How about this as a non-cheap but telling study...grab a cohort, split 'em in half randomly, then give one half grocery store credits for only soda pop, candy, and the like. Give the other half grocery store credits for any food except soda pop, candy and the like. Give the candy half coupons to McDonalds and give the other half coupons to a healthy restaurant (if there is such a thing). I think most everyone here could predict the outcome, which would be just the opposite of what the OP study indicated.
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Old 11-08-2015, 10:10 AM   #29
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There's not one single cause for our overeating...

We mindlessly eat salty snacks that have large calorie counts with little nutritional value. How many of us can go through half a bag of Chex Mix without really thinking about it? I can.

Restaurants serve huge portions on gigantic plates to the point where some feel obligated to finish. No one needs a 16oz steak in one sitting or an 8oz burger, but lots of people will put one away... with fries on the side, no less. Grocers are in on it, selling 16oz steaks and oversized chicken breasts leading us to believe that's a proper portion size, when it isn't. Not many of us go home and cut that 16oz steak into two or three portions, but we should.

Lots of folks can easily put away a 22oz microbrew IPA bottle in a night without a problem... containing as many calories as a six-pack of Bud Light to boot.

We can eat sugars and simple carbs to satisfaction, but that satisfaction lasts much less time than eating protein or fat due to our body's insulin response. We start to feel hungry even though we're not.

Our bodies seek out nutrition naturally, but when we eat foods devoid of nutritional value, we seek out more food to try to fill that void.

We eat too fast such that we're still eating well after we've got the food we need at any given meal. We eat while watching TV or reading or doing other things which distract ourselves from the signals our bodies are trying to send to tell us we're satisfied.

We lose the battle at the grocery store when we buy the potato chips and reach for those instead of an apple.

All kinds of different reasons for obesity, most of which have to do with the food choices we make... not just the size of the plate we eat, but our body's ability to manage appetite which is artificially manipulated by foods with no nutritional value but lots of calories.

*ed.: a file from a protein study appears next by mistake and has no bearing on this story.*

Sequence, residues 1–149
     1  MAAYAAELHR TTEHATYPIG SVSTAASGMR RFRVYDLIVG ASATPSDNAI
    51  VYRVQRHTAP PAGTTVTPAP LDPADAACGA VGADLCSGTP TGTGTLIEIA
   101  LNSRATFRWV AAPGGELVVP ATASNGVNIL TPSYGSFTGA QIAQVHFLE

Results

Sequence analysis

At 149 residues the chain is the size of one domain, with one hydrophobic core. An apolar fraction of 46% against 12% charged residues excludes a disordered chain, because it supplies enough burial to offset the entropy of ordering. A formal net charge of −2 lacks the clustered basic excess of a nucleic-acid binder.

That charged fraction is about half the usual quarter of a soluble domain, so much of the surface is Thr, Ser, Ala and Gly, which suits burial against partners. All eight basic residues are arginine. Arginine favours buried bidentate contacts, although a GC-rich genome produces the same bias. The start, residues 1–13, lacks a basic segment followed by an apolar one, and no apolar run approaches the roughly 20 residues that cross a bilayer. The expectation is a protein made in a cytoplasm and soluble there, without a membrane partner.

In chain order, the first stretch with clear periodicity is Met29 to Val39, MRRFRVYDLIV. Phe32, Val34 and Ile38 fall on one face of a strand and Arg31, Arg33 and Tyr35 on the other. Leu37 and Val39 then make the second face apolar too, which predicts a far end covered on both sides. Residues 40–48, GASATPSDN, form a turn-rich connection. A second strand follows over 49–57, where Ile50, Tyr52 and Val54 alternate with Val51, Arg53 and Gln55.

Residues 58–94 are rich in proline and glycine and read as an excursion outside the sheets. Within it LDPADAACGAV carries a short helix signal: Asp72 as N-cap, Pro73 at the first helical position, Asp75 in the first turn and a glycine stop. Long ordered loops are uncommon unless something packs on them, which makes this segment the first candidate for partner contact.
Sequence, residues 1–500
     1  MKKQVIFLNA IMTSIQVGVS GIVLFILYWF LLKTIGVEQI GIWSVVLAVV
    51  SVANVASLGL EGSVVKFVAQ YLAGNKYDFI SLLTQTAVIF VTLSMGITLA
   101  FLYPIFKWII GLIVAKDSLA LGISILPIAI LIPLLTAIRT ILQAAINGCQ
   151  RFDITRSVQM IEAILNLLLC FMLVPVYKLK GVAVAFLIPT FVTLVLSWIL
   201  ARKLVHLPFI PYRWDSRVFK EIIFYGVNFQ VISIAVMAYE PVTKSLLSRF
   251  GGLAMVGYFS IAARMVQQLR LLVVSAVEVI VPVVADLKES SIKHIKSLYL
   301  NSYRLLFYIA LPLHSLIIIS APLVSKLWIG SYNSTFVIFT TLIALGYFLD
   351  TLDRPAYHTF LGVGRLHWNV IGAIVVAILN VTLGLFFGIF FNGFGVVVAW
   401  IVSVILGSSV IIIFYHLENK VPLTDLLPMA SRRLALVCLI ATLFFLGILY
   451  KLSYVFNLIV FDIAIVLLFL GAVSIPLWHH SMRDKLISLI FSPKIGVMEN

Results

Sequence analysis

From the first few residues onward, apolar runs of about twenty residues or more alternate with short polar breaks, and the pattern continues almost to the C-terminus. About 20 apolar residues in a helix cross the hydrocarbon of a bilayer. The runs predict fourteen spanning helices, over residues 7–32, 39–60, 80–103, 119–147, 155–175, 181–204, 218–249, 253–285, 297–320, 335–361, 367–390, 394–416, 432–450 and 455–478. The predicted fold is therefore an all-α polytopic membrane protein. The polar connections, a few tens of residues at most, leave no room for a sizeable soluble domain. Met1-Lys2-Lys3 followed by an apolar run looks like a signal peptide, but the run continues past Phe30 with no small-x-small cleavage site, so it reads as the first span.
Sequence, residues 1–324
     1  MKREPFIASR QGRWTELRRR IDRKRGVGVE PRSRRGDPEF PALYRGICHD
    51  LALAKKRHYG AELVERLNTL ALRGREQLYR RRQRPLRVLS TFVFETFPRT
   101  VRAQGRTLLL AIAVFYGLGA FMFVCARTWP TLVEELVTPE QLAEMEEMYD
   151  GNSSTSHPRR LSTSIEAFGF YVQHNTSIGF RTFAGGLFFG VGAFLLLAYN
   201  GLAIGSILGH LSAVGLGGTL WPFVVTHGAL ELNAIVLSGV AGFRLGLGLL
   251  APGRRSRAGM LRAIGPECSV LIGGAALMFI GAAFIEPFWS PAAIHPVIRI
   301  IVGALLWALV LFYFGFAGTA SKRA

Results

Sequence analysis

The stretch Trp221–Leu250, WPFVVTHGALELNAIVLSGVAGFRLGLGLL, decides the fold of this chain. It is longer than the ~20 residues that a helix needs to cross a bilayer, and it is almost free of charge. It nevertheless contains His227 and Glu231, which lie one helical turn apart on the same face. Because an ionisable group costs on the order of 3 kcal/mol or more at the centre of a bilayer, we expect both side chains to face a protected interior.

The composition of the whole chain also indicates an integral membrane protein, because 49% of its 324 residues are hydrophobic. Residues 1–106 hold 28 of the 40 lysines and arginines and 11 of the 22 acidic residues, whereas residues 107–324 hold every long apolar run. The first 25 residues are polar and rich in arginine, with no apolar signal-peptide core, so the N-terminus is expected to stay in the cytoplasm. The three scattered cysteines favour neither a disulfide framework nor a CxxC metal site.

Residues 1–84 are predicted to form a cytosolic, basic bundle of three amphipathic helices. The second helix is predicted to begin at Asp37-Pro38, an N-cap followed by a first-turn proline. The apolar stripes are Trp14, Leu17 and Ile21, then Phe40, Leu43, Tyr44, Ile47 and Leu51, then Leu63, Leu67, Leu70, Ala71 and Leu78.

The problem is that it's not a simple fix. It's a whole host of things you have to do to properly control your weight... exercising more helps; choosing the right foods helps; eating proper portion sizes helps... but IMO you're not going to fix obesity by just changing one thing, and continuing to study the problem as if there's one single cause is a waste of resources. We already know the answer to this complex problem.
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Old 11-08-2015, 10:21 AM   #30
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Nash, I wish it was just half a bag. I can tear up a whole big bag of chips in a day. I love that salt! I had to accept years ago, I just cant have them in my house. No restraint capabilities at all. About once a month I treat myself and buy a bag knowing there is no chance the bag will survive to the next day once it is opened.


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Old 11-08-2015, 10:44 AM   #31
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Nash, I wish it was just half a bag. I can tear up a whole big bag of chips in a day. I love that salt! I had to accept years ago, I just cant have them in my house. No restraint capabilities at all. About once a month I treat myself and buy a bag knowing there is no chance the bag will survive to the next day once it is opened.


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I have to keep chips completely out of the house. Crunchy Cheetos are impossible. Yesterday DW made Toll House chocolate chip cookies with the grand kids. She sent the bulk of the home but left a can full - about a dozen cookies. They are gone. I figured that I would have less likelihood incorporating them if I just blew through them at one sitting than if I spaced them out over several days. And, if I spaced them out, I would have had several days of agony knowing that more were sitting in the fridge waiting for me.
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Old 11-08-2015, 10:51 AM   #32
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I have to keep chips completely out of the house. Crunchy Cheetos are impossible. Yesterday DW made Toll House chocolate chip cookies with the grand kids. She sent the bulk of the home but left a can full - about a dozen cookies. They are gone. I figured that I would have less likelihood incorporating them if I just blew through them at one sitting than if I spaced them out over several days. And, if I spaced them out, I would have had several days of agony knowing that more were sitting in the fridge waiting for me.